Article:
Defying pressure to conform

It seems like periodically there occurs some incident that generates a wave of patriotic fervor. The latest is the decision by Colin Kaepernick, a football player for the San Francisco 49ers, who decided to not stand for the national anthem as a protest against the way that people of color are treated in this country. His protest has caught on with athletes around the country at all levels choosing to kneel instead of stand.

Naturally, this act has caused many to hyperventilate about lack of patriotism. Jeffrey Toobin writes that Kaepernick’s protest is perfectly in line with a 1943 Supreme Court decision when it said that the expulsion of two Jehovah’s Witnesses from schools for refusing to salute the flag and not saying the Pledge of Allegiance was unjustified. This was a reversal from an 8-1 decision in a similar case just three years earlier.

In 1943, at the height of the Second World War, the court heard a challenge by a Jehovah’s Witness family to the expulsion of their daughters, Marie and Gathie Barnette, from a school in West Virginia. The sisters had been punished for refusing to salute the flag and repeat the Pledge of Allegiance, something state law required of students. (As Jehovah’s Witnesses, the parents did not believe in making such salutes and oaths.) Precedent was not on the Barnettes’ side. In 1940, the Court had heard a very similar case involving Lillian Gobitis, age twelve, and her brother William, age ten, whose parents were also Jehovah’s Witnesses and who were expelled from the public schools of the town of Minersville, Pennsylvania, for refusing to salute the national flag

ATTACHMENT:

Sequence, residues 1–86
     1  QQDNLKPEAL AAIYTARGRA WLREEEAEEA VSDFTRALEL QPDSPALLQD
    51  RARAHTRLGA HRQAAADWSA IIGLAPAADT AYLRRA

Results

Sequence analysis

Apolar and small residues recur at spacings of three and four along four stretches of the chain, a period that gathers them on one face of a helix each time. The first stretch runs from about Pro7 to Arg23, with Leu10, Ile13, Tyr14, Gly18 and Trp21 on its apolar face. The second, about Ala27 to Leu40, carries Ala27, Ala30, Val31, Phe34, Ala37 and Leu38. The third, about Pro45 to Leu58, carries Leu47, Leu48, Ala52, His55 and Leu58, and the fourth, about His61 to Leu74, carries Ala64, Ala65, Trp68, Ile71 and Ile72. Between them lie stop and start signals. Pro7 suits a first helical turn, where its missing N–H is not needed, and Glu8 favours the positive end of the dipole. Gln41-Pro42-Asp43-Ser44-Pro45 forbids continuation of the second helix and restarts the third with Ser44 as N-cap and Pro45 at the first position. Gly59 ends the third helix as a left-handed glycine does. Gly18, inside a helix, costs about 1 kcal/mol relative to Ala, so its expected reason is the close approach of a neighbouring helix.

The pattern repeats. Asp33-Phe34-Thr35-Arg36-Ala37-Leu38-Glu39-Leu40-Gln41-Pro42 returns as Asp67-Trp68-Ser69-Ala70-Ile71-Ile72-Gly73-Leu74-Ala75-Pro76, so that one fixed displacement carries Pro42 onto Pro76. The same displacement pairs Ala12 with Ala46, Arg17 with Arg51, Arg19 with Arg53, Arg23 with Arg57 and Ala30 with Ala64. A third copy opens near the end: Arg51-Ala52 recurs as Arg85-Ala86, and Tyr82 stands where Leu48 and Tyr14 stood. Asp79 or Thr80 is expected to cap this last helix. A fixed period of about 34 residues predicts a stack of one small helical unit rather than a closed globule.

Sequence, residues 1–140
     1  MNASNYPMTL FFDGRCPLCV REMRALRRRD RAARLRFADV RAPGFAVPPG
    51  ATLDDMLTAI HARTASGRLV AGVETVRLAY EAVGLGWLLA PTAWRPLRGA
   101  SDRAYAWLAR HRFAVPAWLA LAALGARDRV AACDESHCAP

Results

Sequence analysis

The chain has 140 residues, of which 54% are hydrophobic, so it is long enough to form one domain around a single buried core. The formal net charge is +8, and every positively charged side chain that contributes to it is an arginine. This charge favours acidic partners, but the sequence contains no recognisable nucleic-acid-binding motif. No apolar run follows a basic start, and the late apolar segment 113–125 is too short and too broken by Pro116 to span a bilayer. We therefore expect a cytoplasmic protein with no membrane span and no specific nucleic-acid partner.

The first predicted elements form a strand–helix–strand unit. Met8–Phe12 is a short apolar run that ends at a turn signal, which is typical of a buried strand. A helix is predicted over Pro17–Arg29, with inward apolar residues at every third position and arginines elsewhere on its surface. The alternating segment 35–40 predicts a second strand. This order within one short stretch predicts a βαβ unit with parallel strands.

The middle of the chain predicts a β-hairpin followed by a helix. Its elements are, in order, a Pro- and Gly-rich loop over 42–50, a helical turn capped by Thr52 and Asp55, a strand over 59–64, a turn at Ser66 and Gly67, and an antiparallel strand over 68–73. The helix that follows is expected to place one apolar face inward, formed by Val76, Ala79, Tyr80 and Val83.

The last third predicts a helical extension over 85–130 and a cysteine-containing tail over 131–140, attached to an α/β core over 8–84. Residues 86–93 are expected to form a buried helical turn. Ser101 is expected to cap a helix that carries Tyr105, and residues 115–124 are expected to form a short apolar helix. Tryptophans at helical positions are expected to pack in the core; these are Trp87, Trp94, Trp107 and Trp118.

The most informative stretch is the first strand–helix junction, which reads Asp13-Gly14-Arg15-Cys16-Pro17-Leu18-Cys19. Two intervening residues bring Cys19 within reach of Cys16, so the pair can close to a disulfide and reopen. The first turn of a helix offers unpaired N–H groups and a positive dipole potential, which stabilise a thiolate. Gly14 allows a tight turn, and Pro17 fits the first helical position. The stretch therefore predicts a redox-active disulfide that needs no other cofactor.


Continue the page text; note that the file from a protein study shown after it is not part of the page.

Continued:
What followed, three years later, was one of the great reversals in Supreme Court history. The Court had gained two new Justices since the Gobitis case—Frank Murphy and Robert Jackson. More important, even amid the patriotic displays associated with the mobilization for war, the degradations of Nazi Germany had impressed themselves upon the American conscience. The result of the case flipped the result to a six-to-three victory for the family, and Jackson’s opinion in West Virginia State Board of Education v. Barnette stands as perhaps the greatest defense of freedom of expression ever formulated by a Supreme Court Justice—and, not incidentally, a useful message for the N.F.L.

You can read the opinion by justice Jackson here. Jackson was later the prosecutor during the Nuremberg trials following World War II.

Although I do not of course agree with the religious beliefs of the Jehovah’s Witnesses, you have to give them credit. Their steadfast refusal to be forced by the government to do something that violated their rights has led to several landmark cases that have expanded First Amendment rights for all of us.


  1. says

    I don’t know if they “expanded” rights or “held back encroachment on” rights that we supposedly already had.

    The totalitarian impulse appears to be strong among sportsball fans. I wonder if they score higher on Altemeyer’s index than the average?

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